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Graeme panchayat

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GOT YOUR BACK: The rise of Graeme Swann as the premier wicket-taker in cricket today can largely be attributed to bowling coach Mushtaq Ahmed's inputs

Meet cricket's most unlikely partnership - an earthy Pakistani who moulded the world's best bowler for England.

July 1996: It was a muggy July afternoon at Lord's with Mike Atherton and Alec Stewart looking well settled at the crease. Day Five of the first Test against the visiting Pakistan side and all England needed to do was to bat out the day. Before lunch it seemed they were well on course to save the Test. But it all turned around in a matter of minutes as 'Little Mushy' (as the British commentators used to call Pakistan's leg-spinner Mushtaq Ahmed) came in to bowl. He had Atherton and Stewart in quick succession, claimed five for 57, and England were done and dusted well ahead of time.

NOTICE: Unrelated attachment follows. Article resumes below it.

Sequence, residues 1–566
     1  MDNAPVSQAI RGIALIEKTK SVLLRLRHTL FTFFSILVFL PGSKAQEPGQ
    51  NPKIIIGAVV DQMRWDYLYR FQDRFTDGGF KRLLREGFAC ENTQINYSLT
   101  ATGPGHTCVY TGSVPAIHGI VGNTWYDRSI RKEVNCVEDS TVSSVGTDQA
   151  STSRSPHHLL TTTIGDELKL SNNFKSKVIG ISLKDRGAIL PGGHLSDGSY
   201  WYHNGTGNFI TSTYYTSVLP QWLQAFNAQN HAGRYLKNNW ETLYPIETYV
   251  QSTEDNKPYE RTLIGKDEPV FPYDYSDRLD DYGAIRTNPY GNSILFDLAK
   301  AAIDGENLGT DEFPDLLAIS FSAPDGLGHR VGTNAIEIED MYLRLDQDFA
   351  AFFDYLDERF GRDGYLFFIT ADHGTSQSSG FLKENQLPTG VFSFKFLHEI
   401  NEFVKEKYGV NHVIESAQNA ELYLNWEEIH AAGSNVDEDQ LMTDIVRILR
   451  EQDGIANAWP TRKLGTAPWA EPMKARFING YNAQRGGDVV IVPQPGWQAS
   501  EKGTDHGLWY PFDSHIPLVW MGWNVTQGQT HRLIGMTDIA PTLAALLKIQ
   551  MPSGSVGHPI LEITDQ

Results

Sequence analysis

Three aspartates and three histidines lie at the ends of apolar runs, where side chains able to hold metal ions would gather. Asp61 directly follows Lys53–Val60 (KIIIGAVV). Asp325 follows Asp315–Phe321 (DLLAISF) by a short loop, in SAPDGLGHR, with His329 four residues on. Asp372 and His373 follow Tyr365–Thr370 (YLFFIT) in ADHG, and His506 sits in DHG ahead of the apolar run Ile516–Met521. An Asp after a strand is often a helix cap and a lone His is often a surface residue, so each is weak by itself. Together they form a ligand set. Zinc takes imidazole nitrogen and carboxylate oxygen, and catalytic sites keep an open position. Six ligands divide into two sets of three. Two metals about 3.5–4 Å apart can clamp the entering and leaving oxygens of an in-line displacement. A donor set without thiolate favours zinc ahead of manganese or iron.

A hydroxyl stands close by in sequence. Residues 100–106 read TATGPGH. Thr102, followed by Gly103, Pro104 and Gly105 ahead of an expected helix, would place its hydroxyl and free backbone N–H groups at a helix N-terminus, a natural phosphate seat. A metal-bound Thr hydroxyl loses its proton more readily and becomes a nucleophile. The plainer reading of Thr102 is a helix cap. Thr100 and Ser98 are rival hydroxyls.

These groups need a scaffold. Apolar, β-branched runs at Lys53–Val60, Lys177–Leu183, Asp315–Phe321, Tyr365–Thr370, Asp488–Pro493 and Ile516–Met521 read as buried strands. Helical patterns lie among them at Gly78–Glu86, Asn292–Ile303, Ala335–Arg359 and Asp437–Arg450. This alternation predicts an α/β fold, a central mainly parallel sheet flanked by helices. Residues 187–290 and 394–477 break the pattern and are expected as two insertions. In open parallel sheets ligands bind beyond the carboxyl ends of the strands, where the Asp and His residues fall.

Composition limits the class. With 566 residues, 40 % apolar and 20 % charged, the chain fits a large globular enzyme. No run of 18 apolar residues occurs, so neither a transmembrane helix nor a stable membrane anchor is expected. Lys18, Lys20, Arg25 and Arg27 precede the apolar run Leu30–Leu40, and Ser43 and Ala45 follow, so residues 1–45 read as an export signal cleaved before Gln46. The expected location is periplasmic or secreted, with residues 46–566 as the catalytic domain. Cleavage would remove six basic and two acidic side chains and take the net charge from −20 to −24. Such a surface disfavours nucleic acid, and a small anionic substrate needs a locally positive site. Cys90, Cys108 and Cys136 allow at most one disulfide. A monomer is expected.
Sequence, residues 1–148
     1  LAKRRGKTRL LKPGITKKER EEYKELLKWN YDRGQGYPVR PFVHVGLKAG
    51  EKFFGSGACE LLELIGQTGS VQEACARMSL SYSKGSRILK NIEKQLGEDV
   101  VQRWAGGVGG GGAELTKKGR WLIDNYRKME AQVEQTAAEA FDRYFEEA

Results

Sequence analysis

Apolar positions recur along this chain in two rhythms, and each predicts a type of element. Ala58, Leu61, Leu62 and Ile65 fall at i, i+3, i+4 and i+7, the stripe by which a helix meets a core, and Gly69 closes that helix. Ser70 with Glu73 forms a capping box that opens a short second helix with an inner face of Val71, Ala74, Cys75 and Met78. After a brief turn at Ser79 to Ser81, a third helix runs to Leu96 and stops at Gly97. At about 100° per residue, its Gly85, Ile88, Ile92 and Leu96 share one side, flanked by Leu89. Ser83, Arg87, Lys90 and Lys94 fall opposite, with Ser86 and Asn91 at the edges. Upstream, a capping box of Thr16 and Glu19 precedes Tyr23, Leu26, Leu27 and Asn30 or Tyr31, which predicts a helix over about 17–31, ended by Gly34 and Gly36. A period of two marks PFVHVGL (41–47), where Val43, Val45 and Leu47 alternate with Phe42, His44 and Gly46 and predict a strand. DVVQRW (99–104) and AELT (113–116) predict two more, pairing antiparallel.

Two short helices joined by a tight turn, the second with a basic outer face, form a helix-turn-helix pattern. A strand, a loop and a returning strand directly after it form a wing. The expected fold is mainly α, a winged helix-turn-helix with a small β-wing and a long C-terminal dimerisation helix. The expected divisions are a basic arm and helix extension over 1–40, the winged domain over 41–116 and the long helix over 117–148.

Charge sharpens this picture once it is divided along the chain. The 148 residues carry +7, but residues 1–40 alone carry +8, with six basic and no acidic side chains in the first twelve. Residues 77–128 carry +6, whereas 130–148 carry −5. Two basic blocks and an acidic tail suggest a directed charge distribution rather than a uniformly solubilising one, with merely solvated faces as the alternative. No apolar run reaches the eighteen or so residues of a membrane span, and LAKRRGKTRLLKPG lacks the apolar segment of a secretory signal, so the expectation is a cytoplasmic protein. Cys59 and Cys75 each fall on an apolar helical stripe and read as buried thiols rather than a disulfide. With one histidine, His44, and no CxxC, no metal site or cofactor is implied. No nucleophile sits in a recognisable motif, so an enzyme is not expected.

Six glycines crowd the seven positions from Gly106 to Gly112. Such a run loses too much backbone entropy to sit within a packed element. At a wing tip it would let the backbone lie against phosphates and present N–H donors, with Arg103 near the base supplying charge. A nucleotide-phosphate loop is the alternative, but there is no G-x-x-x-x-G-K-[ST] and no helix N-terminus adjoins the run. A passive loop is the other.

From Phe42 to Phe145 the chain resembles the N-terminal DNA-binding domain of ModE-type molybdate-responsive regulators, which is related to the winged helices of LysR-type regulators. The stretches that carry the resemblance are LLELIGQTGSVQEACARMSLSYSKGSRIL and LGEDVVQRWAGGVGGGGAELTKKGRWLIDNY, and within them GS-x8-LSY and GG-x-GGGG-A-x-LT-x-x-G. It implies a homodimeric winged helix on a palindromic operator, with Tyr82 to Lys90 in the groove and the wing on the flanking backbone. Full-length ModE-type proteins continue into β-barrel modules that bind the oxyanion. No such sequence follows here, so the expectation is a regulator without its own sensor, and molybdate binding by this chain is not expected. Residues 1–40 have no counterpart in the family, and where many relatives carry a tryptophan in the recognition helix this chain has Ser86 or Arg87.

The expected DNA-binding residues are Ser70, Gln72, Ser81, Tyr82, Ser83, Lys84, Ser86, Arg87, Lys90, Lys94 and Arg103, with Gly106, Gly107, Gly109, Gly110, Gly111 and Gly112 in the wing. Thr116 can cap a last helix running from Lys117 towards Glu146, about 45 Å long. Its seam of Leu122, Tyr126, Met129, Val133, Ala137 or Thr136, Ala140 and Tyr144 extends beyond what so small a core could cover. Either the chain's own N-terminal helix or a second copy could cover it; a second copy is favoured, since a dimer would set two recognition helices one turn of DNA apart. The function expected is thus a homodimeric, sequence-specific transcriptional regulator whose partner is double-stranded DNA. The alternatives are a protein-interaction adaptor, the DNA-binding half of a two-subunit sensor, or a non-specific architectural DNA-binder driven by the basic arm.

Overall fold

August 2010: Little Mushy is a portlier, greying man now, his beard adding years to his age. Sitting at the pavilion in Birmingham as England take on Pakistan, he has changed sides. Now the England spinning coach, his ward is a certain Graeme Swann who is making the Pakistan batsmen dance to his tune. The offie runs through Pakistan, finishing with six for 65 that earns him the Man of the Match award and England a commanding lead in the series.

That Birmingham Test, virtually signalling a turnaround in spinning fortunes, could serve as the beginning of a partnership that has today helped England go on to become the World No 1 team in Test cricket. Swann himself has proven a resounding success and under his mentor Mushtaq, the off-spinner is the world's leading bowler at the moment - ranked No 1 in the One-dayers and No 3 in Tests.